I was cutting it close.
The Going-to-the-Sun Road, one of the best drives in the world and the only road that cuts through Glacier National Park, was closing in 12 hours for the rest of the year for maintenance and winter-weather-dictated restrictions. And I was still 143 miles away from its western terminus, checking out of the fantastic Gibson Mansion Bed and Breakfast in Missoula, Montana.
With stops in St. Ignatius and Bigfork, and along Flathead Lake, I didn’t reach the West Entrance of the park until early afternoon. Just a few miles into the park, I stopped at the Apgar Visitor Center, right at the tip of 10-mile-long Lake McDonald. Armed with literature and information, I began my 50-mile drive on the Going-to-the-Sun Road with only a few hours to spare until the autumn sun would set and the road shut down. This engineering feat is one of the most scenic roads in the United States; indeed, it’s the only American roadway designated both a National Historic Landmark and a National Civil Engineering Landmark. The serpentine artery rises continually and soon offers astounding vistas of the mountains and valleys as well as of the road itself. A great pullover at Logan Point (6,646’, the highest point on the road) serves up beguiling views of the area and, if you’re lucky (I wasn’t), mountain goats. The road begins to descend and then, passing by the outlook for Jackson Glacier, hugs the shore of Saint Mary Lake on its way out of the park. Upon emerging from the park, I headed north toward the tiny town of Babb and then reentered the park. After a scenic drive along lovely Sherburne Lake for miles, I reached my destination — Many Glacier Hotel.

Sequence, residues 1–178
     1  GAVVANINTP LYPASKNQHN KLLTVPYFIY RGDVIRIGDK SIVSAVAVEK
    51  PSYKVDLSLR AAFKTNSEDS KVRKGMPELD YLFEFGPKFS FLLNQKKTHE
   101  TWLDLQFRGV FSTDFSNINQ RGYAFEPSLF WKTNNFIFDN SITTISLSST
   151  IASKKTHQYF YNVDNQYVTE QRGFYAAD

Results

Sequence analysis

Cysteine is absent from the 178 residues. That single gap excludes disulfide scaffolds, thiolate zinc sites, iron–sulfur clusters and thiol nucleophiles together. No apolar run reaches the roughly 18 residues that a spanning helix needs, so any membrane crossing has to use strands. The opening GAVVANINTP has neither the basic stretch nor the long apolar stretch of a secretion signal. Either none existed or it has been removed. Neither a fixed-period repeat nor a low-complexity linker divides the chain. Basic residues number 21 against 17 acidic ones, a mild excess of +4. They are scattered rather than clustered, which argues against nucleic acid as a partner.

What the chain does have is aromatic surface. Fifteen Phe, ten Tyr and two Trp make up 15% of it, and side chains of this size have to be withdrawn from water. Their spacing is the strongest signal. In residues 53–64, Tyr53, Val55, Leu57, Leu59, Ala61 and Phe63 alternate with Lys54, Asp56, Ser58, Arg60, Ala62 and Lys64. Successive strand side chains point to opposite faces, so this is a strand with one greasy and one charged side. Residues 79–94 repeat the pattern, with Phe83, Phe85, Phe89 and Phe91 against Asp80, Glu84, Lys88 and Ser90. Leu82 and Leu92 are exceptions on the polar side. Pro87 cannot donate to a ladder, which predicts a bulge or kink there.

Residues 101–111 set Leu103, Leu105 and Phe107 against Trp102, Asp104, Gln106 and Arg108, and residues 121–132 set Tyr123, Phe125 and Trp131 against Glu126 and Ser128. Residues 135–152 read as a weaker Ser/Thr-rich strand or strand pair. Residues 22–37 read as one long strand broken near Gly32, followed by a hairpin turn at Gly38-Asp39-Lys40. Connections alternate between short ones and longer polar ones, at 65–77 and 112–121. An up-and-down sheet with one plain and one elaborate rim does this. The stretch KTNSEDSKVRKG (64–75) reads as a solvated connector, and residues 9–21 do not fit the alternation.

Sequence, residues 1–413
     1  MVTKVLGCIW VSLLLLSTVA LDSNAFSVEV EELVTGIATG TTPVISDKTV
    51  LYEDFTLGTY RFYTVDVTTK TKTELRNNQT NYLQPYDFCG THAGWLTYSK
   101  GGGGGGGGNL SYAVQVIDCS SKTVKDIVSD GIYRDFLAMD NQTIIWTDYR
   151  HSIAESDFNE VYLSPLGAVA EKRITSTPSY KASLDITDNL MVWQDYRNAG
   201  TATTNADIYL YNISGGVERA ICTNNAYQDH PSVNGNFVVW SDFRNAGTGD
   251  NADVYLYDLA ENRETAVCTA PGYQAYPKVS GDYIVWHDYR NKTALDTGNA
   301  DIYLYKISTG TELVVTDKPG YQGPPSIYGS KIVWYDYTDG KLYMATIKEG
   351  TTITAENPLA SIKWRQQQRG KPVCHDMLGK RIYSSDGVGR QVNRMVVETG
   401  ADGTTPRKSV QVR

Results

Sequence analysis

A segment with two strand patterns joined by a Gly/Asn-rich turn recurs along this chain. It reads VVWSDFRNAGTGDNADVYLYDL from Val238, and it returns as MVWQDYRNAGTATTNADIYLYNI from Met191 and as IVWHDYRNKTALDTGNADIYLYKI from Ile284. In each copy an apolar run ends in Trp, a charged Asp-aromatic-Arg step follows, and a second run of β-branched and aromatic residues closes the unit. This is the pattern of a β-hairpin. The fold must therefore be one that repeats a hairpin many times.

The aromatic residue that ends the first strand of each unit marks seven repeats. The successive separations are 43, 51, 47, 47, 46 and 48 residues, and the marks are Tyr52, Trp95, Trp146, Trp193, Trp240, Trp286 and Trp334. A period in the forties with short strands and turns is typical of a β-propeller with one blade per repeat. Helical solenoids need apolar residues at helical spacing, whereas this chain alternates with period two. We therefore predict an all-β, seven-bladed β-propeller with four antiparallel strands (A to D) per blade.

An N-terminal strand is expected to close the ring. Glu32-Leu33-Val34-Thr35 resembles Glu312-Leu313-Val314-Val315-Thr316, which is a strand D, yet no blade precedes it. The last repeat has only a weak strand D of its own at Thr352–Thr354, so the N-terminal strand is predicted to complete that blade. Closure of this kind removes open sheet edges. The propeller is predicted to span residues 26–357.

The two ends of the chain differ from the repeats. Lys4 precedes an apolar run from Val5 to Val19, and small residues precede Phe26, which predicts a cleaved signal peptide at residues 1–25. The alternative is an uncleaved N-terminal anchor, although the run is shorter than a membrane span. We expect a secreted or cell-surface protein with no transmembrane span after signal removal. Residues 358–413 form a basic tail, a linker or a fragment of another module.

More people were checking out than checking in, as the lodging’s season was drawing to a close and wouldn’t kick in again until the following spring. But that didn’t matter for now. I was staying in a national park for the first time, and I couldn’t have made a better choice.
Many Glacier Hotel, built in 1915, resembles a Swiss chalet, albeit an absolutely enormous one. With just over 200 rooms spread out over five stories, it’s the largest accommodations in the park. It’s also the most isolated, 12 miles in off the road that circumvents the park. My room was quite spartan — the sink was next to the bed instead of in the bathroom, which contained some sort of heating device that was at least 75 years old; pipes ran along the ceiling; television and air-conditioning were absent; and everything was painted an off-white: baseboards, walls, ceiling, doors, doorknobs, mirror frames. Depending on your attitude, you would describe it as either romantically rustic, or dated dingy. But you haven’t come here to spend time in your room, especially when everything else is quite fantastic, and, ultimately, you’re paying for the location above all else.